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The function of the endocrine system

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Many of our body functions including metabolism, growth and development, metabolism, electrolyte balances and reproduction are regulated by the human endocrine system. There are several hormones producing glands in our body that produce hormones.The hypothalamus produces several releasing and inhibiting factors which control release or inhibition of hormones by other glands.

Some of the famous hormone producing gland throughout the body include adrenal gland which produces cortisol primarily, gonads which produce sex hormones, pancreas which produces insulin and glucagon and the thyroid which produces thyroid hormones1.  All of them are included in a large category of organs grouped into the endocrine system.

Hormones can be considered as the means through which cells communicate with each other. So, one can define hormone as the inter-cellular messenger. This definition is much more inclusive than the original one according to which hormones are the substances produced by glands which travel through blood circulation to act on the target cells23.

Life exists in a complex state of equilibrium known as “homeostasis” which is constantly challenged by intrinsic or extrinsic factors. Hormones produced by the endocrine systhem have a crucial role in fighting against these extrinsic or intrinsic factors and in maintaining the equilibrium4.

Hormones have another very crucial role. There are some energy rich substrates ( glucose, free fatty acids and amino acids ) and auxiliary elements such as calcium/phosphorus in the body. Hormones store these substrates with the help of energy storage hormones including insulin, androgen and osteocalcin etc.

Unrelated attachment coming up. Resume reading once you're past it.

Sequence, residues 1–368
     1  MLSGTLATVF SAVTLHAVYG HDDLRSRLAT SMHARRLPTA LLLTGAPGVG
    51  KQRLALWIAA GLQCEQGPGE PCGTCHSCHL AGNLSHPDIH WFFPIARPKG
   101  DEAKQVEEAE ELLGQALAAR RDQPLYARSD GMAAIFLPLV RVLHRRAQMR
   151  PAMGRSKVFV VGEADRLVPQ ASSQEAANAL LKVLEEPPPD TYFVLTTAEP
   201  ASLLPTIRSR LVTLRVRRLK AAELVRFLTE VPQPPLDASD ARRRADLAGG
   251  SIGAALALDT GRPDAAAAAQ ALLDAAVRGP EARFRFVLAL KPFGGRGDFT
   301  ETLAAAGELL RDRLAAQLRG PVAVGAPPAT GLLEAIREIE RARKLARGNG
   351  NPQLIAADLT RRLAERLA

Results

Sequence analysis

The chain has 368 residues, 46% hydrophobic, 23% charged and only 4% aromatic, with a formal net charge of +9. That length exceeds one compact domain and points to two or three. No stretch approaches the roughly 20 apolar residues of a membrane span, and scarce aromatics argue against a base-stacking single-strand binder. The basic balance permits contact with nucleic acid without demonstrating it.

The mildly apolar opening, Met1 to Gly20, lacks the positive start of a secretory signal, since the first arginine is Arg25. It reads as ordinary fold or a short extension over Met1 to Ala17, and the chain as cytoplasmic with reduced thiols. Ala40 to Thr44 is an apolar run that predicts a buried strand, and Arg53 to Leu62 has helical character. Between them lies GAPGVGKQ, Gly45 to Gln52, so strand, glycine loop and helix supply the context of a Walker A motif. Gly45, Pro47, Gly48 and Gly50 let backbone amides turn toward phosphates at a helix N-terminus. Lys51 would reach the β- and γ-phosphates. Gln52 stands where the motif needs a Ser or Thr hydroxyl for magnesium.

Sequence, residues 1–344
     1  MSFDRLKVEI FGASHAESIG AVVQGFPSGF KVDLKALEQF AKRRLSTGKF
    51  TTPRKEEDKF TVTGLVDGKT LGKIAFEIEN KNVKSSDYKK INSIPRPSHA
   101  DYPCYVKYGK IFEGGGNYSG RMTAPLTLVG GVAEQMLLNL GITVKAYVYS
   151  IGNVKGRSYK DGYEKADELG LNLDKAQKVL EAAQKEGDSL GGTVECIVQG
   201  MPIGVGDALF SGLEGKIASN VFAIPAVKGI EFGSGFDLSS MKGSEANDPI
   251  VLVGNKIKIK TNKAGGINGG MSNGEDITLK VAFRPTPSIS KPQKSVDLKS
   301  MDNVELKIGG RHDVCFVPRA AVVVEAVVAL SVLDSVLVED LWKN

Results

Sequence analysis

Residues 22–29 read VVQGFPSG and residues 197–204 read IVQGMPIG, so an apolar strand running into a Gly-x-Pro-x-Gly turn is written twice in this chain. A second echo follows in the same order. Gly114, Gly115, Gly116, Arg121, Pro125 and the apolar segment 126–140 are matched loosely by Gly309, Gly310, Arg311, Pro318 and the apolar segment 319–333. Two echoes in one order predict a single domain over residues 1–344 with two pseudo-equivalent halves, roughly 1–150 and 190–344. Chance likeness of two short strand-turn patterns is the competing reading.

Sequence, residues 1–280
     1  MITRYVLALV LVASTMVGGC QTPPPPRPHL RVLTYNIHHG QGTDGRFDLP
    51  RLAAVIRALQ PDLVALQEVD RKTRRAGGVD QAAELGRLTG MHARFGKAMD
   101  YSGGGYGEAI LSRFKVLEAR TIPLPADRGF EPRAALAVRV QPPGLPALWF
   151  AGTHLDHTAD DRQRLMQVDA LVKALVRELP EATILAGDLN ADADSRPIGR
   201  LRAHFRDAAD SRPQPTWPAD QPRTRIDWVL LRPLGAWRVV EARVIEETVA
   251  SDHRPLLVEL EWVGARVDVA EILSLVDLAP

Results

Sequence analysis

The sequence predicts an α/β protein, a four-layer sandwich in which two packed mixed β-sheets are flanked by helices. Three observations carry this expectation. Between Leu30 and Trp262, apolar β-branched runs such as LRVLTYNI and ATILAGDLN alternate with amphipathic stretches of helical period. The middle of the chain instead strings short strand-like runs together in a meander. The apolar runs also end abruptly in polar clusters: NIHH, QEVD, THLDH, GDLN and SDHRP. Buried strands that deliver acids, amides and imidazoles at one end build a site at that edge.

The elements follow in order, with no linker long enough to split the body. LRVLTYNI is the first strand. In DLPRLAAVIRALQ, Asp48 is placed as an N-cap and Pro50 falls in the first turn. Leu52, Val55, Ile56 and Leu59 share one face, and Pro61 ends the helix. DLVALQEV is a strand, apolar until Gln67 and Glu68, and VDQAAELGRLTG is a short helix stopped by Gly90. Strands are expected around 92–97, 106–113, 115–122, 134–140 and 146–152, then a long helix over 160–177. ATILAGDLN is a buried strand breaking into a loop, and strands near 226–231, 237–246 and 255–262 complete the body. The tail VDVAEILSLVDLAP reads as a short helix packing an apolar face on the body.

During the attack of systemic infectious diseases, energy expenditure hormones which include cortisol ( breakdown of liver glycogen/muscle protein, gluconeogenesis; water retention ), adrenaline, growth hormone, angiotensin 2 and thyroid gland hormones release these substrates and help the energy-consuming immune system to cope with the infection5.

Functions of hormones produced by the human endocrine system can be broadly grouped into several categories:

1. Reproduction and sexual differentiation
2. Development and Growth
3. Maintenance of the internal environment
4. Regulation of metabolism
5. Nutrition supply

A single hormone may affect more than one of these functions and each function may be controlled by several hormones8.

Cells of the atrium of heart produce atrial natriuretic factor (ANF) and brain natriuretic peptide (BNP). These two substances modulate the system that tends to increase the extracellular fluid volume and blood pressure9.

References

1. https://www.ncbi.nlm.nih.gov/pubmed/15706790
2. https://www.ncbi.nlm.nih.gov/pmc/articles/PMC2128294/
3. https://www.ncbi.nlm.nih.gov/pmc/articles/PMC3978663/
4. https://www.ncbi.nlm.nih.gov/books/NBK20/
5. https://www.ncbi.nlm.nih.gov/books/NBK22231/
6. https://www.ncbi.nlm.nih.gov/pubmedhealth/PMH0072572/
7. https://www.ncbi.nlm.nih.gov/pubmed/16269246
8. H.all J, Guyton A. Guyton And Hall Review Of Physiology. Edinburgh: Elsevier Saunders; 2005:905-915
9. Ganong W. Review Of Medical Physiology. New York: Lange Medical Books; 2005:301-307,377-390.

Topics: endocrine system

Dr. Owais Amin

Written by Dr. Owais Amin